After Deng: On China's Transformation
In the spring of 1989, Deng’s philosophy faced its greatest test. Anger across China at rising corruption, inflation and slowing economic growth sparked demonstrations for greater freedom across the country, and particularly in Beijing. As conveyed by contemporary accounts of debate within the party, Deng clearly believed that, if necessary, the government should use force to maintain power. He was convinced that consenting to political reform would lead to chaos in such a large and, at times, unmanageable country, and would undermine China’s economic progress. Other communist nations that pursued political reforms before economic ones would face similar crises, he believed, and their leaders would be deposed before they could fix their nations’ vast economic problems, causing massive unrest.
Given Deng’s history of resorting to tough, even brutal decision-making when necessary, the Tiananmen denouement was not surprising. Despite having elevated reformers in the party to promote his brand of economic modernization, Deng, working behind the scenes as the protests escalated because he was no longer China’s titular ruler, sidelined and ultimately placed under house arrest his number two, the pro-reform leader Zhao Ziyang. Deng sided with Li Peng, a top hardliner, issuing stern warnings to the protesters to clear the square. Finally, on June 3 and 4, Deng oversaw a bloody crackdown on unarmed civilians, with the PLA declaring martial law and clearing Tiananmen Square but killing as many as several thousand people. “Westerners would forget” China’s tough tactics in time, Deng promised other party leaders. Deng himself, Vogel reports, apparently never doubted that he had made the right decision to violently suppress the demonstrators.
Shortly after Tiananmen, China faced its worst period of international isolation since the depredations of Mao’s regime. The United States levied sanctions, and many other Western nations cut off business ties. At the time, many foreign observers and Chinese intellectuals were convinced that the Communist Party could not last, at least not in its current form. Foreign leaders’ predictions of the party’s imminent collapse would become a staple of global diplomacy, with Bill Clinton and others warning Beijing that if it did not embrace serious reform the party would not survive. Books like Gordon Chang’s The Coming Collapse of China (2001) became bestsellers in the United States. As recently as this past spring, Secretary of State Hillary Clinton was sounding the same theme: she told reporters from The Atlantic that Beijing is “trying to stop history [i.e., prevent democratization], which is a fool’s errand.”
Henry Kissinger, one of the architects of the United States’ modern relationship with China, certainly thought that Deng’s decisions in 1989 were palatable. The consummate American realist, Kissinger saw in Deng a kindred soul, the opposite of the often mercurial, unpredictable Mao. In his latest book, On China, a reflection on the history of Chinese foreign policy and on his own relationships with Chinese leaders, Kissinger fawns over Deng. “China as the present day economic superpower is the legacy of Deng Xiaoping,” he writes. Deng “fulfilled the ultimate task of a leader—of taking his society from where it is to where it has never been.”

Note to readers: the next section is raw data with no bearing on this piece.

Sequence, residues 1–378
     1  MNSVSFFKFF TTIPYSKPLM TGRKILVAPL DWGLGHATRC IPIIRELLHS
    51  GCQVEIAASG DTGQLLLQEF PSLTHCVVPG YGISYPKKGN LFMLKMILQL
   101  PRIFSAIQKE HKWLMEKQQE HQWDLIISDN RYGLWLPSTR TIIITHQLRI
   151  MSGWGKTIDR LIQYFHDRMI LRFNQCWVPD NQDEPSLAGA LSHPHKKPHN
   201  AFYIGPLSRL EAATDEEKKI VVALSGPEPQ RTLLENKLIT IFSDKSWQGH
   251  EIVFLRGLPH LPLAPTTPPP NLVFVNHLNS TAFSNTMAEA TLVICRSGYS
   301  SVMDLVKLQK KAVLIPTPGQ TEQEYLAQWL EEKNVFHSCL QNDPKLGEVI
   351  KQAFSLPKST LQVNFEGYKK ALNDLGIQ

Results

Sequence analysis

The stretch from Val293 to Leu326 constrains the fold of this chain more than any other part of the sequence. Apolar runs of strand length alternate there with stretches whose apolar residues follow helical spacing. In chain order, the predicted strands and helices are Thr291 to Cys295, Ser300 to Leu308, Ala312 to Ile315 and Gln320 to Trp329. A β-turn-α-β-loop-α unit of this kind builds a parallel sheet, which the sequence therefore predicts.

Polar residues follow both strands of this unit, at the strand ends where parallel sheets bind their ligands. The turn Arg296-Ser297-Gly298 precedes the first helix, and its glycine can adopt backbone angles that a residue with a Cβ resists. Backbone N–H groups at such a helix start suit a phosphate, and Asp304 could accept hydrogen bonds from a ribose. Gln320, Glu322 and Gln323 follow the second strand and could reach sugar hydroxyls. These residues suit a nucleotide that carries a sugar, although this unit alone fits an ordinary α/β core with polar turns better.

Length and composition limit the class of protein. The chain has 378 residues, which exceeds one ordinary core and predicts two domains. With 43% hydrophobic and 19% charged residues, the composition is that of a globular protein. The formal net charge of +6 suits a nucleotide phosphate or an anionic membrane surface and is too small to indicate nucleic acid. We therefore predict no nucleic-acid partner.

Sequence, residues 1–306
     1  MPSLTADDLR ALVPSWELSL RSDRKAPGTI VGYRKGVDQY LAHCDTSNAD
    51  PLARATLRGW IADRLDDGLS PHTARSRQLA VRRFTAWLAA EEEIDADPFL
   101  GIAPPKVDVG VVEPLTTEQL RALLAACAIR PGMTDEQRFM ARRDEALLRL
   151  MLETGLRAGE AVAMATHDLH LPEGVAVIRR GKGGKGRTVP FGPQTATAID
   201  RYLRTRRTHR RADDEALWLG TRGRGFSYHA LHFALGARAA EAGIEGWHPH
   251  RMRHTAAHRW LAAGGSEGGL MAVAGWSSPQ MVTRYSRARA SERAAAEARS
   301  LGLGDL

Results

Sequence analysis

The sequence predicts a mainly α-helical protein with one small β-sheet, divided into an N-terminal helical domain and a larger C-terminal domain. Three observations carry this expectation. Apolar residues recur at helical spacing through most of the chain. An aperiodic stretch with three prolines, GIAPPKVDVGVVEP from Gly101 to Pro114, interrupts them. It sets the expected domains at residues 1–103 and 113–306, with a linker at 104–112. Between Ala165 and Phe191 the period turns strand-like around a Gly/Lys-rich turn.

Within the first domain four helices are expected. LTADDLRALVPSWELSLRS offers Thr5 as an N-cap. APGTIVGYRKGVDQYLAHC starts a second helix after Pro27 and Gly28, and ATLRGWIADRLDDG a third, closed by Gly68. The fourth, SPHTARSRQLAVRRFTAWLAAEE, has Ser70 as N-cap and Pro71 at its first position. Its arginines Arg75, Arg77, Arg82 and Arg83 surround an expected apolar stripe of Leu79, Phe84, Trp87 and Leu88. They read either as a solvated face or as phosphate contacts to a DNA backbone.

There is truth in this assessment, but Kissinger broadens it to include nearly the entire Chinese leadership, few of whom have matched Deng’s high standard of statecraft. In fact, like many less knowledgeable China watchers, Kissinger seems wedded to an old stereotype, viewing China’s leaders as naturally skilled diplomats possessed of a wisdom unattainable by Westerners. In the most laughable instance of this stereotype, some China watchers have claimed for years that Zhou Enlai once said it was “too early to say” whether the French Revolution was a success, a story often cited as proof of Chinese diplomats’ sage farsightedness. But as longtime China hand Chas Freeman revealed during a recent symposium to mark the publication of Kissinger’s book, Zhou had simply confused the French Revolution of 1789 with the Paris demonstrations in 1968.
Still, Kissinger accepts the idea of Chinese wisdom eclipsing the shortsighted political maneuvers of Western democracies. “China’s strategy generally exhibits three characteristics: meticulous analysis of long-term trends, careful study of tactical options, and detached exploration of operational decisions,” Kissinger gushes in a typical passage. One can almost hear the senior statesman grinding his teeth over American foreign policy, which by contrast is often affected by politicians’ ideas and the will of voters, and is usually not the work of a small group of mandarins. Kissinger even seems to implicitly blame the protesters for the Tiananmen crackdown, for trying to “demonstrate the impotence of the government, to weaken it, and to tempt it into rash acts.” This remark is consistent with Kissinger’s view that Tiananmen was a blip in US-China relations: it was a diplomatic nuisance caused by protesters making nuisances of themselves. One of the first prominent American visitors to China after Tiananmen, Kissinger personally helped smooth ties by urging Beijing to show some “presentational aspects” of reform that would allow Tiananmen to blow over.